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McKinn et all state in their work published in the BMJ state that drivers of antibiotic misuse in Vietnam are socio-economic than biomedical in nature (1). However, does linguistics play a role as well?
What is an antibiotic? The generally accepted definition is that an antibiotic is a drug that is used for the treatment of bacterial infections (less commonly to prevent), these agents can either kill or inhibit the growth of bacteria.
However, the term antibiotic, as opposed to an antibacterial, may denote a drug with a wider activity, an agent that is active against any “biotic”. Reading on the origin of this term, it appears that this was the original meaning of this term (2).
In a couple of recent surveys that we conducted, we identified that many people have this misconception. This was more obvious in open ended questions. In an online survey conducted in Sri Lanka, 190 (93.1%) participants out of 204 stated they knew what an antibiotic is and defined it in their own terms. However, 51 (26.8%) of this190 defined antibiotics as agents that can kill any micro-organism (3).
In the same group of people, 12 mentioned substances other than antibiotics as examples of antibiotics, including antiseptics with antibacterial properties such as povidone iodine and triclosan, a vaccine (anti-rabies vaccine), paracetamol, chlorpheniramine and cetirizine, domperidone, aspirin, insulin, saline, and plants (cannabis and “weniwelgeta”).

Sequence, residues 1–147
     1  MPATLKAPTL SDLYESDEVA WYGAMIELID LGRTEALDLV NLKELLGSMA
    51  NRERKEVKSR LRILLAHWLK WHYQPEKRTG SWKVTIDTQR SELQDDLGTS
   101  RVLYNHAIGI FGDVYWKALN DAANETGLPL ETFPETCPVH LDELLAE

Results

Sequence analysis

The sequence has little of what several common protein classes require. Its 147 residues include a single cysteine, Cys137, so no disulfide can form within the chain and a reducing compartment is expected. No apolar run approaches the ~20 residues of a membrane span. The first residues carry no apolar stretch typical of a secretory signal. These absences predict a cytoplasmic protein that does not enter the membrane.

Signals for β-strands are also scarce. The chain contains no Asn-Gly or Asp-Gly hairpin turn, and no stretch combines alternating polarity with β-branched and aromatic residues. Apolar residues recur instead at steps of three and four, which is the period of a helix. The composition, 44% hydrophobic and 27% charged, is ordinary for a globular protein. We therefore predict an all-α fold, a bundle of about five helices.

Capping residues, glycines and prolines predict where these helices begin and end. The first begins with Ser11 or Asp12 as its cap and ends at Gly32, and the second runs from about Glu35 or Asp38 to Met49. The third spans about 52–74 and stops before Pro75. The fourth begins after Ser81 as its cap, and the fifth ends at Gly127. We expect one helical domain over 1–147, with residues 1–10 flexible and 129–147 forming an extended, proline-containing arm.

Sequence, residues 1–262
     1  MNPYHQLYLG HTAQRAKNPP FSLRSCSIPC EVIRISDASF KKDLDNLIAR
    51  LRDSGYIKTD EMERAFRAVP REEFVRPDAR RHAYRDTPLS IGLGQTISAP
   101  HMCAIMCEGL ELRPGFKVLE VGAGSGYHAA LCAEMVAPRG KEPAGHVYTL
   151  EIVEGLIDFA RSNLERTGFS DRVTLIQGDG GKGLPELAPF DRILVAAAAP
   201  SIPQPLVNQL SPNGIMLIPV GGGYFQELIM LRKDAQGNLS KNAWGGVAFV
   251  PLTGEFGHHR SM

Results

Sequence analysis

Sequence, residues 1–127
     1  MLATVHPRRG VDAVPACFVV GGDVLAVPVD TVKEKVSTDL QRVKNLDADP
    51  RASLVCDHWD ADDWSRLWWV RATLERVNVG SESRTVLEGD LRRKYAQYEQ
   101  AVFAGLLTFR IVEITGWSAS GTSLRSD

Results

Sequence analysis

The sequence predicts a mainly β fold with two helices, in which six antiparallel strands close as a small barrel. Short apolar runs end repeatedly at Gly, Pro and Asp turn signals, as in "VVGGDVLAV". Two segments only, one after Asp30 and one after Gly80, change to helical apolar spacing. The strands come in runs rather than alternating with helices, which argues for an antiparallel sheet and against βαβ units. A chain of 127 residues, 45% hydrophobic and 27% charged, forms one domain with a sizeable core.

In both the...
In both the above study and another survey done among a group of attendees to an out patient department in Sri lanka (4), many people believed that antibiotics can cure or speed up recovery from common cold. This was expressed by 391 out of 450 (86.9%) OPD attendees and 147 out of 204 (72.1%) in the online survey.
Has the use of the term “antibiotic” instead of “antibacterial” contributed to a confusion in understanding on the action of an antibiotic, leading to misuse of antibiotics?
1. McKinn S, Trinh DH, Drabarek D, Trieu TT, Nguyen PTL, Cao TH, Dang AD, Nguyen TA, Fox GJ, Bernays S. Drivers of antibiotic use in Vietnam: implications for designing community interventions. BMJ Glob Health. 2021 Jul;6(7):e005875. doi: 10.1136/bmjgh-2021-005875. PMID: 34257138.
2.Selman A. Waksman. What is an Antibiotic or an Antibiotic Substance?, Mycologia. 1947; 39:5, 565-569, DOI: 10.1080/00275514.1947.12017635
3.Priyasad I, Abeyrathna HMHGGSS, Abhayasinghe PRRMRD, Althaf KR, Amarajeea OR, Liyanapathirana LVC (2018). Knowledge, attitudes and practices related to antibiotic resistance among a cohort of internet users in Sri Lanka. The Bulletin of the Sri Lanka College of Microbiologists. Volume 16(1), 33-34. (Poster presentation)
4.Abhayasinghe PRRWMRD, Abeyrathna HMHGGSS, Amarajeewa OR, Althaf KR, Alahakoon AMAPK, Abewardhana IMAP, Alahakoon ARRP, Al-Hithaya UKF, Amarasinghe AKDAE, Dema C, Pelzom T, Liyanapathirana V. AWARENESS ON ANTIBIOTIC USE AND DRIVERS OF ANTIMICROBIAL RESISTANCE AMONG PATIENTS ATTENDING THE OUT PATIENT DEPARTMENT AT TEACHING HOSPITAL, PERADENIYA. Presented at the Annual Academic Sessions of the Kandy Society of Medicine 2020. Book of Abstracts pp 65.